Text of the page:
Artists are accustomed to a variety of Viewer responses from bizarre facial quirks to downright blunt criticism. Viewers, on the other hand, are used to just as unwanted Artist reactions as eyerolls and pompous rationalizations.

     Yet, art doesn’t exist with only half of the parties in question.  A true aesthetic experience for an Artist only begins with the work’s creation. A painting (or any medium) needs to resonate with a Viewer in order to complete the artistic cycle. Movies, for example, produce creative works of art, but are considered (many times unfairly) failures without big box office returns.   

      Now, social media has entered the realm of the Artist/Viewer. In the world of Facebook, Instagram, Pinterest (and the list continues to grow), both emerging and established artists have found a means of pushing the level of feedback. Artists post their latest; Viewers respond; Artists chat; Viewers question; Artists try to answer; Viewers scroll up.

      I have been an Artist and an avid Viewer of art all of my life. As a Viewer, especially in my early years, I could not get enough of any Artist I met. I asked dumb questions, some with obvious answers, just in the hope of getting the Artist to “talk art”. As a Viewer, I’ve been the lucky recipient of passionate tirades and introspective musings. On the other hand, I’ve seen my share of shrugged shoulders.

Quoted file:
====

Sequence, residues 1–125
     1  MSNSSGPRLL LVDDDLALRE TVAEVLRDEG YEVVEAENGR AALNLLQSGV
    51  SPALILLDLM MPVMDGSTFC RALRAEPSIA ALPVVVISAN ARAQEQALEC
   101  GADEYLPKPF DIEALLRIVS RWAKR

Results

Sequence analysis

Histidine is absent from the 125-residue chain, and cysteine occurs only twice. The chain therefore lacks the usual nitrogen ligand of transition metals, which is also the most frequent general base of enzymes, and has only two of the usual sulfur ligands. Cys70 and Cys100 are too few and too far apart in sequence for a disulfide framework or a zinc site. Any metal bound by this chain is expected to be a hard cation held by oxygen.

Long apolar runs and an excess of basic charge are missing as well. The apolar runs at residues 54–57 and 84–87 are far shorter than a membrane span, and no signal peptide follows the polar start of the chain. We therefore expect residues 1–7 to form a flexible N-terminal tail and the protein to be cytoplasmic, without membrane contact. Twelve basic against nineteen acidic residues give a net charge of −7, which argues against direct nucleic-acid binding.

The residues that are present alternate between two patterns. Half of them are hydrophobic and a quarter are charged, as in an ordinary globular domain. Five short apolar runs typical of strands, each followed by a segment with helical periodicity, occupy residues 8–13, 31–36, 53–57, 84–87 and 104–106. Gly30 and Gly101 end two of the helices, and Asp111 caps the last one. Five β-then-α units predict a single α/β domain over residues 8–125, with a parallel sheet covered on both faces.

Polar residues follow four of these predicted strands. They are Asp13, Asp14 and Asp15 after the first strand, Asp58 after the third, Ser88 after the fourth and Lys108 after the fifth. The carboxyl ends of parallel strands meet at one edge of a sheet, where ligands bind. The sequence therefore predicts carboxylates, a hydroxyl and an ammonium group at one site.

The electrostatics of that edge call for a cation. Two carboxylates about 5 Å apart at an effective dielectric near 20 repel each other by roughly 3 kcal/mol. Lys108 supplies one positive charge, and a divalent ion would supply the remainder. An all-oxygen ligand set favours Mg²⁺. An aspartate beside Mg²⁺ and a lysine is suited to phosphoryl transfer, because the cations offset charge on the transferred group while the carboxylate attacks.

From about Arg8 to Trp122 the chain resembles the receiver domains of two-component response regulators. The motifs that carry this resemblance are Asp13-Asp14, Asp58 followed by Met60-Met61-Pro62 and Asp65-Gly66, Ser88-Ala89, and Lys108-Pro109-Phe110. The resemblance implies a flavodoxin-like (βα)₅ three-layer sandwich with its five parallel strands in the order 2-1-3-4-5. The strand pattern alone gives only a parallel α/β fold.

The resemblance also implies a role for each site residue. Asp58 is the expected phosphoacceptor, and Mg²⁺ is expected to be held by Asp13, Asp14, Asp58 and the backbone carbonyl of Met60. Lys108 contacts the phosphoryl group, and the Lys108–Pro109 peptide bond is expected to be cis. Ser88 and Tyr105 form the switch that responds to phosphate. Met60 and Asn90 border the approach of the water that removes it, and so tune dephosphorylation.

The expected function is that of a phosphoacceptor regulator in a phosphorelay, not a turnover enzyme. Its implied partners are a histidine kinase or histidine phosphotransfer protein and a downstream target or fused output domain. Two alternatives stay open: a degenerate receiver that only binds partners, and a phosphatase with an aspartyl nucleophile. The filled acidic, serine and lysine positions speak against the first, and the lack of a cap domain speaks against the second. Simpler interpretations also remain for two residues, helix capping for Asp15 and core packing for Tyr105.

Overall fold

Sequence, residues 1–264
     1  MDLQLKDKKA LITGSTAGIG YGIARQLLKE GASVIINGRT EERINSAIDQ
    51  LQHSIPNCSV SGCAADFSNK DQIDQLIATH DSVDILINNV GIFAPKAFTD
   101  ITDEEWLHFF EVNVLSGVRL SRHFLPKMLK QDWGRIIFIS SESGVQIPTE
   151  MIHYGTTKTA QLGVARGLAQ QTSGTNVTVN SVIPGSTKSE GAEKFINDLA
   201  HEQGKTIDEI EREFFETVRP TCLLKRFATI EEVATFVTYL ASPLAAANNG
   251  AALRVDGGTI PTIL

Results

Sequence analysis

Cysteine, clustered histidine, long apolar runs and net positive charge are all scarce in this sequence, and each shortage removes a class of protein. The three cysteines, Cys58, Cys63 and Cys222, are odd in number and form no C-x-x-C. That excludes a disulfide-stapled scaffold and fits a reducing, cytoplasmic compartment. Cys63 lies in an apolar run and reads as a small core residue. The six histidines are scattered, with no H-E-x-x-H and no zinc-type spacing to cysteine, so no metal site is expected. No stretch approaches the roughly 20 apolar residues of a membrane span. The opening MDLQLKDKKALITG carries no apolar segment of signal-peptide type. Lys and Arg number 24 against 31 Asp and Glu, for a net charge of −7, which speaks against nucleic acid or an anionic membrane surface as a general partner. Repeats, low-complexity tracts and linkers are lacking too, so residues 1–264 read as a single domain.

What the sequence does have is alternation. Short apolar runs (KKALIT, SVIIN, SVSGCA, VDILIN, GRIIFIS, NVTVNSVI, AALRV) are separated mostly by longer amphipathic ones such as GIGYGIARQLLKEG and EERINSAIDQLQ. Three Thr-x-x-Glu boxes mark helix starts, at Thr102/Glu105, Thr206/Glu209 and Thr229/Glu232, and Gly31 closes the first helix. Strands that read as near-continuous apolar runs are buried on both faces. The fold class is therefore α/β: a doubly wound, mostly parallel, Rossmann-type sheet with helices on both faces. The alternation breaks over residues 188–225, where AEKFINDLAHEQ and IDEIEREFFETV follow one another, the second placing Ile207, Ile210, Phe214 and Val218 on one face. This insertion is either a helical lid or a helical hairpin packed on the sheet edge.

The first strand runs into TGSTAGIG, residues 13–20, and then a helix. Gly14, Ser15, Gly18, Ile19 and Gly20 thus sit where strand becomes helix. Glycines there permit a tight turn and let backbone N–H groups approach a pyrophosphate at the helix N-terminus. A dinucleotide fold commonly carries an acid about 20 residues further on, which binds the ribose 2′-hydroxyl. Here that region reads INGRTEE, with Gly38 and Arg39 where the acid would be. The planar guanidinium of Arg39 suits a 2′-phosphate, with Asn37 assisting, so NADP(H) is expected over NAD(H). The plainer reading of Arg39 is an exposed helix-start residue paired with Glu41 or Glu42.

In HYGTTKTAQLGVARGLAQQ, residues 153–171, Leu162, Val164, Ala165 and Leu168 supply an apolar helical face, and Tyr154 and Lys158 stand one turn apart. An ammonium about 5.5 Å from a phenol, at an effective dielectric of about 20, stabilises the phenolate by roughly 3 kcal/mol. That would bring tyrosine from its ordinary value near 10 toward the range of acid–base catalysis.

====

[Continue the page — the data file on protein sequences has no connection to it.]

As an Artist, I have also dished it out to poor unsuspecting Viewers on occasion, yet those times are rare simply because I am a die-hard teacher.  Patience comes with the job, or one doesn’t last long in the profession.    

      When I was in high school in the late 60’s, my grandmother told me that women only had three career options: nurse, secretary or teacher. I didn’t question. I just chose the one with the most control.

      My responsibility as an art teacher, however, is more than providing instruction on the use of materials to make “purty” pictures. My job is to demystify this vague puzzle called Art. Yes, Art is mysterious, but it is also exciting for both the Artist and Viewer IF they know how to communicate with each other.

     As soon as a Viewer is exposed to any aspect of an Artist’s life behind that closed studio door, he takes a huge step towards a fuller understanding and eventual tolerance.